History of the Confederate Battle Flag
It's not the original Confederate flag that's at the center of the current controversy, it's the battle flag of Robert E. Lee's Army unit.
The six southern states of South Carolina Mississippi Georgia Alabama Louisiana and Florida met February 4 1861 in convention at Montgomery Alabama and established the Confederate States of America. They were soon joined by Texas and later they were joined by Tennessee North Carolina Arkansas and Virginia. Missouri and Kentucky were prevented from seceding by the presence of federal troops but both states sent unofficial representatives to the Confederate Congress and both supplied troops to the Confederate Army. The eleven seceding states plus Missouri and Kentucky are represented in the constellation of thirteen stars in the Confederate flag.
The Confederate Navy Jack also called "The Confederate Flag" is a rectangular version of the Battle Flag usually about 3×5 feet. The blue color in the diagonal cross is much lighter than in the Battle Flag and it was flown only on Confederate ships from 1863 to 1865. The design was originally made by South Carolina Congressman William Porcher Miles with the intent to be the first national flag but it was rejected by the Confederate government for looking too much like crossed suspenders. It was used by a few army units including the Army of Tennessee as their battle flag.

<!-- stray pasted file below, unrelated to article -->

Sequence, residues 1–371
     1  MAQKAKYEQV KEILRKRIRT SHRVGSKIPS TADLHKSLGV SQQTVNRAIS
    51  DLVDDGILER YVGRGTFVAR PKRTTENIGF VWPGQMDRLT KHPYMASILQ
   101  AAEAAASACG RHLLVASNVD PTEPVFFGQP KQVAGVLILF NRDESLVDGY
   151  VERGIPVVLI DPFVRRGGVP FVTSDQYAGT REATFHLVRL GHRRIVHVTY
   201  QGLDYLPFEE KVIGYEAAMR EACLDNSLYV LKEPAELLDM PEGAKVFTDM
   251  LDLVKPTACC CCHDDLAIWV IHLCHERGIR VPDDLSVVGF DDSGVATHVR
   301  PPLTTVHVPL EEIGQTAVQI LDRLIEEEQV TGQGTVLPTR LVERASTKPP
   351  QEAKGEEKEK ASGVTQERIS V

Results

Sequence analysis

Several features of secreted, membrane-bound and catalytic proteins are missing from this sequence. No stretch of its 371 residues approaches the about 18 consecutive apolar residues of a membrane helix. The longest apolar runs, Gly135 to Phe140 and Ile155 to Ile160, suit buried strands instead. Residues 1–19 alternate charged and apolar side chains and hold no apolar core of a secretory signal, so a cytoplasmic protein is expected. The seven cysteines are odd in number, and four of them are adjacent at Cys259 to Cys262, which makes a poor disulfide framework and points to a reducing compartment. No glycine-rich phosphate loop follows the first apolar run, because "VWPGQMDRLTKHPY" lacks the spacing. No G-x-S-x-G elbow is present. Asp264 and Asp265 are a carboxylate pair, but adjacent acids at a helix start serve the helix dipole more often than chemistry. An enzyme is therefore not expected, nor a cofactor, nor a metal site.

Today it is the most universally recognized symbol of the South where it is commonly called the rebel or Dixie flag. What is usually called "The Confederate Flag" or "The Confederate Battle Flag" is still a widely-recognized symbol. The display of the flag is controversial and a very emotional issue generally because of disagreement over exactly what it stands for. To many in the South it is simply a symbol of pride and heritage. Others see it as a symbol of the of slavery which the Confederate government defended or of the Jim Crow laws enforcing racial segregation in the Southern States for almost a century later. According to Civil War historians the flag traditionally represented the south's resistance to northern political dominance; it became racially charged during the Civil Rights Movement when protecting segregation suddenly became the focal point.
NOTICE: Due to current lack of supply we are unable to offer the Confederate flag. We will update as supply becomes available. Sorry for the inconvenience.